The expenses incurred were for posters, advertising, leaflets, printing, for campaign workers, postage, phone bills, travel costs and other items.

Galway in Days Gone By

The way we were – Protecting archives of our past



A photo of Galway city centre from the county council's archives

People’s living conditions less than 100 years ago were frightening. We have come a long way. We talk about water charges today, but back then the local District Councils were erecting pumps for local communities and the lovely town of Mountbellew, according to Council minutes, had open sewers,” says Galway County Council archivist Patria McWalter.

Patria believes we “need to take pride in our history, and we should take the same pride in our historical records as we do in our built heritage”. When you see the wealth of material in her care, this belief makes sense.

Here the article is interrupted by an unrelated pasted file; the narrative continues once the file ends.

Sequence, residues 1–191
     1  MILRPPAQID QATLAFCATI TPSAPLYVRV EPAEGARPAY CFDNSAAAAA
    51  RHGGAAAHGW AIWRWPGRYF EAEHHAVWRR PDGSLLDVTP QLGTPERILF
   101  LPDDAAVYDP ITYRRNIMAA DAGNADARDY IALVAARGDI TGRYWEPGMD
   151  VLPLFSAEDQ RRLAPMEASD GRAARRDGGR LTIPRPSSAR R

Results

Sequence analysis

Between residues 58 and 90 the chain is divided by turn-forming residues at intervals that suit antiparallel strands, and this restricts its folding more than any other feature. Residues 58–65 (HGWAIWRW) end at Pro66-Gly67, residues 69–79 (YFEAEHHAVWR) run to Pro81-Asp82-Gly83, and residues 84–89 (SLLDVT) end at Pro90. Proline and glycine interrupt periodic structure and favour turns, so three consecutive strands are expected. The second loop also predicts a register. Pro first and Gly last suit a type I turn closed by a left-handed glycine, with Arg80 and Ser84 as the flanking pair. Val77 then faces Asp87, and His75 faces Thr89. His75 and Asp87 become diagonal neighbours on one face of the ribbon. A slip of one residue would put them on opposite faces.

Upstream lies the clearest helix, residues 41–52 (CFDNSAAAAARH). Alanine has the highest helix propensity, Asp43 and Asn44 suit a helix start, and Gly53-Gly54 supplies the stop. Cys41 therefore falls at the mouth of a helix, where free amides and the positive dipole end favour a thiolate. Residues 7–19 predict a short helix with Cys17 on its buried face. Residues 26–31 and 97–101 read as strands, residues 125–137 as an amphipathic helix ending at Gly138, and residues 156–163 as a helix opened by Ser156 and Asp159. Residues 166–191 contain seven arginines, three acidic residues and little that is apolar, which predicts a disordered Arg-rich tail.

She is in charge of caring for the rich collection of administrative records owned by Galway County Council and says “these records are as much part of our history as the Rock of Cashel is. They document our lives and our ancestors’ lives. And nobody can plan for the future unless you learn from the past, what worked and what didn’t”.

Archivists and librarians are often unfairly regarded as being dry, academic types, but that’s certainly not true of Patria. Her enthusiasm is infectious as she turns the pages of several minute books from Galway’s Rural District Councils, all of them at least 100 years old.

Part of her role involved cataloguing all the records of the Councils – Ballinasloe, Clifden, Galway, Gort, Loughrea, Mountbellew, Portumna and Tuam. These records mostly consisted of minutes of various meetings.

When she was cataloguing them she realised their worth to local historians and researchers, so she decided to compile a guide to their content. The result is For the Record: The Archives of Galway’s Rural District Councils, which will be a valuable asset to anybody with an interest in history.